Mourning my mother through her father
a portrait of ancestral grief
But he himself went a day's journey into the wilderness and came and sat down under a broom tree. And he asked that he might die, saying, "It is enough; now, O Lord, take away my life, for I am no better than my fathers. [1 Kings 19:4]
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Today is the 20th anniversary of my mother's death. I woke up choking back tears from a dream where I was trying to prevent my grandfather's death by feeding him the most expensive cannolis I could find in his hospital room. He was flickering between his body and flowers until all that remained of him was a bouquet on a chair.
Every anniversary of my mom's death, just like every mother's day, brings up feelings of loss. Not for her specifically, but for a mother experience. It's complicated because I h*ted her. She was super mean. I was fourteen when she died and couldn't see beyond her faults and trauma and so the resounding emotion from her death was relief and a confusion and shame about that relief. And so I've spent a lot of years trying to unpack and rectify all this, to understand her and her behavior. The story I tell myself is that she inherited a lot of unresolved trauma and grief from her father, who had an extremely difficult life. Lowlights include losing his sister in a house-fire as a child and being a prisoner of war in WWII twice. The essence of him was hard - as if a shell calcified around his heart and prevented the expression of love. This cracked when my mom died, his second child to bury, after his wife.
My mother called my grandfather everyday, just liked she'd called her mom everyday, to check up on him. Without fixing details, I automatically picked up this duty and continued it diligently until he died 15 months later. During this time, we got to know each other in a kind-of adult way that transcended our grandfather and granddaughter dynamic. I think we mostly talked about school, Seinfeld and his lunch outings and grocery trips with his cousin. I looked forward to the calls and felt almost privileged to be on the receiving end of warmth and interest from an individual who terrified me as a child. His death crushed me. It was like losing him and my mom all over again - in retrospect, her entire immediate family actually. In a way, it was like losing half of myself, or what I consider the stable part of my then still-forming identity.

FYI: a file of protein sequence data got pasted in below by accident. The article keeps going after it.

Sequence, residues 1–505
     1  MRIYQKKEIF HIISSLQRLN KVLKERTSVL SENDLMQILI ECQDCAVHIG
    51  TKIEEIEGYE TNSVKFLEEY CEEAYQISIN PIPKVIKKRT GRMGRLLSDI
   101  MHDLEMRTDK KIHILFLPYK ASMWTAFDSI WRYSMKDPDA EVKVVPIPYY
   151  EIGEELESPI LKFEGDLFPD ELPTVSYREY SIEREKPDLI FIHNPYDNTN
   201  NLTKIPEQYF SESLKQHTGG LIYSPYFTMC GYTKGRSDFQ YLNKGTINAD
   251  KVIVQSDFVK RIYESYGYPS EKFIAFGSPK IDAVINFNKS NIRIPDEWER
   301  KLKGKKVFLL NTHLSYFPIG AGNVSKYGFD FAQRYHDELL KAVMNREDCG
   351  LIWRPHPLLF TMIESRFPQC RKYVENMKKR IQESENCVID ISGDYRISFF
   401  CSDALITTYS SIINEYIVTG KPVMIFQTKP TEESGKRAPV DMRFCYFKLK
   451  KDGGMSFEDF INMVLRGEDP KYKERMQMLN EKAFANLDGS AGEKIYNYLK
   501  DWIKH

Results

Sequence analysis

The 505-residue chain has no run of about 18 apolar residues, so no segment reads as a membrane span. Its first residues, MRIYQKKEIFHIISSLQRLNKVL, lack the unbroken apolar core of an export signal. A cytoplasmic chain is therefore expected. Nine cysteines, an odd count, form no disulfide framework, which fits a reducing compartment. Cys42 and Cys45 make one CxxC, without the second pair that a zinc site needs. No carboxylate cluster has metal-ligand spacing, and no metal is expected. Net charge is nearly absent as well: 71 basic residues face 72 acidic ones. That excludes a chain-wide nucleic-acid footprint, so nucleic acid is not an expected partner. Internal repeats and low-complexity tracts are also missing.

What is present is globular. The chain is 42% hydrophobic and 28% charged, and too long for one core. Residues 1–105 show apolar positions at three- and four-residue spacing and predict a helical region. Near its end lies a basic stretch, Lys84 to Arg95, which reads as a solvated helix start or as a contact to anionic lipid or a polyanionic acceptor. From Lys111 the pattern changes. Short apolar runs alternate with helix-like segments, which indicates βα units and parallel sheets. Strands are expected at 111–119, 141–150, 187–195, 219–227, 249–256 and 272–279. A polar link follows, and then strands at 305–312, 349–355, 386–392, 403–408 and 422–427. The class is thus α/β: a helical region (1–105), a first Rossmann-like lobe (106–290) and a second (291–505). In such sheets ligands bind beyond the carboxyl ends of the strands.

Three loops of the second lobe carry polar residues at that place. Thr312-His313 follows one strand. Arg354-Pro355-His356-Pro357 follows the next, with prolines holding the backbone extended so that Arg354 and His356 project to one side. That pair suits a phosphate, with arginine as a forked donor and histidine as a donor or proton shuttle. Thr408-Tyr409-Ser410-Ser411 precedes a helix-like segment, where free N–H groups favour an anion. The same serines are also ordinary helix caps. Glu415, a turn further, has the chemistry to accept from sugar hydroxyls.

And so every time I grieve him, I'm grieving her, who was half of him. And hard like him. Whose death made him soft enough to connect to, in a way I wasn't able to experience with her. So I had 15 months of loving my mother, through him, after she died. Interesting, right? And then losing him, who was half of her, and she was half of me, means I am also very much grieving the half of myself that died with her, and him. This was / has been my embodied introduction into the Law of One through personal experience. Really, there is no separation! And that's just with physical bodies.
And so the takeaway here is that family grief is some complex sh*t! And indicative of no one ever really dying. We truly keep living through others. And the way in which we do this largely depends on how much responsibility we (want to) take for the karmic load we inherited. I am so grateful to be of the first generation to have access to therapy and tools to unwind these traumatic patterns so they're completely cleared from the earth and my bloodline. I don't have to be mean to kids I'll probably never have lol! Or to myself or anyone else, understanding the importance of having an open rather than a calcified heart!
And so, unlike Elijah in the opening bible passage, we are not subject to living out the same trauma dramas as our parents. We can choose to heal. Thank God!
Related - if you're interested on how to grieve properly, to start becoming clear of your own ancestral patterns and baggage, her is a great talk by writer / shaman / artist, Martín Prechtel: